Professor's Detailed Fishing Maps Help Anglers Get Ready for Fishing Season

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It took a professor 30 years to create a highly detailed stream map, then the original drawing and printing plates were lost. So many anglers searched for the few remaining copies that they called it "The Lost Stream Map." At 91, the map creator worked with a publisher to get the map republished, plus new state stream and lake maps.

Anglers shake their heads in amazement the first time they see the map. Every stream is there. Not a single one is left out.

In 1965, after three decades of work, Professor Howard Higbee completed his "Stream Map."

Higbee, who was a soils scientist and Pennsylvania State University professor, personally charted and hand-drew Pennsylvania's 45,000 miles of streams on his map. Starting with many large topographic maps and aerial photographs, he reduced them again and again, drawing in each stream. Then, to check distances, he modified his car's odometer to measure miles in 500ths.    

The maps sold extremely well. But after a printing company reproduced 70,000 copies of Higbee's marvel over the next several years, someone carelessly destroyed his original drawing and the printing plates.

Because existing copies had been printed in non-photographic blue, it was impossible to make new printing plates from them.

Higbee considered redrawing all 45,000 miles of streams. But his advancing age made this an insurmountable task. So it appeared that the "prized fisherman's possession," now widely known as the "Lost Stream Map," was doomed to a life span equal to that of the existing limited copies.

How valuable were the surviving copies? One person offered Professor Higbee $400 for his last copy of the map. The Department of Environmental Resources kept its one remaining copy under lock and key.

This is the so-called "Lost Stream Map" that fishermen spent years searching for. Even the former President of Pennsylvania Trout Unlimited, William Kodrich, was quoted as saying, "I've been looking for a copy of the 'Stream Map of Pennsylvania' for over 10 years."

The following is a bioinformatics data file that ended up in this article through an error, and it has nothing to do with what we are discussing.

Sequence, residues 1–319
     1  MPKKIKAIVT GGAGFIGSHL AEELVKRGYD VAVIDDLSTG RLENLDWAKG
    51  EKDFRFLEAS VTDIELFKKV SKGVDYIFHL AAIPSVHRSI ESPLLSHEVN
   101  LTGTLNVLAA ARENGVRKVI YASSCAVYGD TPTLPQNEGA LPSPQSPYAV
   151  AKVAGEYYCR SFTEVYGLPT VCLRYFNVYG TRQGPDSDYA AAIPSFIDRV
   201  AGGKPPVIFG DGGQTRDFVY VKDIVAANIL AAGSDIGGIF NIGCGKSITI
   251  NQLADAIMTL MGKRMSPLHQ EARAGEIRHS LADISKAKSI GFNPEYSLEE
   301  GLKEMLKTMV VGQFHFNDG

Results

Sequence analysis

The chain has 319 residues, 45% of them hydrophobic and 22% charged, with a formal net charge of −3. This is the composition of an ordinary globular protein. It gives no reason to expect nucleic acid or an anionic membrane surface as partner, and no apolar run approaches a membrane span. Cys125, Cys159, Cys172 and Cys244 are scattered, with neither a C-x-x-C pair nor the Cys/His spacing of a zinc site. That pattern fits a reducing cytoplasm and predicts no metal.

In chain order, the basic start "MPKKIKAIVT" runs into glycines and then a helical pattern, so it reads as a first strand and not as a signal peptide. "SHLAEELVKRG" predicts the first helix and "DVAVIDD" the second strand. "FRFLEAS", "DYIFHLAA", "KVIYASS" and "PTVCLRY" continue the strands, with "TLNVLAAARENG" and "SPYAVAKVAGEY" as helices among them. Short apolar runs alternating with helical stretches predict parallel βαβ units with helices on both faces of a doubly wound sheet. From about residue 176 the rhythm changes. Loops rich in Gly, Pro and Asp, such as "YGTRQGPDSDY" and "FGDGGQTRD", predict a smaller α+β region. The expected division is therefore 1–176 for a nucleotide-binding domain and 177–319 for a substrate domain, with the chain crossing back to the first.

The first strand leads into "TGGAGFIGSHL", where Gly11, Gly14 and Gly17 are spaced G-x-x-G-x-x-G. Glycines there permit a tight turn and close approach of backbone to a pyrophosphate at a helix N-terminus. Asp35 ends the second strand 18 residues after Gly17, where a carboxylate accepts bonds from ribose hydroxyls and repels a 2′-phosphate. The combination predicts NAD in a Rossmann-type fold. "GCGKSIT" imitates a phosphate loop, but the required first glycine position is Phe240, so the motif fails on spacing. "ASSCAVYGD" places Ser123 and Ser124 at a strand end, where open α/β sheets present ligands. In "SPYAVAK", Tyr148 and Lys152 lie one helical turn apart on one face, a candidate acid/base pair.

Two decades later, in 1991, Larry Seaman and Karl Ings, of Vivid Publishing in Montoursville, Pennsylvania, came across a dog-eared copy of the map and made inquiries that led them to the Professor, then 91. When he told them his story, they decided to do what National Geographic and other experts said couldn't be done: reproduce and republish the map. Higbee added, "At this stage of my life there isn't much I really want or need. But seeing the 'Stream Map' available to the public again is one thing that would make me happy."

Following Higbee's clues, Vivid began an extensive search for the lost drawing and printing plates. But the search ended after they talked to the man that cleaned out the bankrupt printer's building and hauled all of the printing plates to the Baltimore Landfill.

Then came a stroke of luck. Entirely new printing technology emerged that would allow reproduction of non-photographic blue. At least that was the claim. Seaman and Ings made test proofs, prepared to be disappointed with the results.

But the proofs looked better than expected. So Professor Higbee did indeed live to see the resurrection of his legendary masterpiece. Before he died at age 93 in 1993, Higbee also supported Seaman and Ings desire to map the streams and lakes of other states by sharing his map making techniques with them.

Vivid has gone on to publish 21 state Stream and Lake Maps, with plans to complete the remaining 29 states within a year. Available at, both rolled and folded at $19.95 each. Also available, write-on-wipe-off lamination at $39.95 each. A free guidebooks and two special reports, "Finding Secret Fishing Spots," and "How Anglers Stalk and Catch Record Fish" are included free with each map. Wall mural versions are also available. Phone orders call 1-800-326-9694. Vivid Publishing, Inc., 620 Jordan Avenue, P.O. Box 127, Montoursville, PA 17754.

Larry Seaman, President
Vivid Publishing, Inc.


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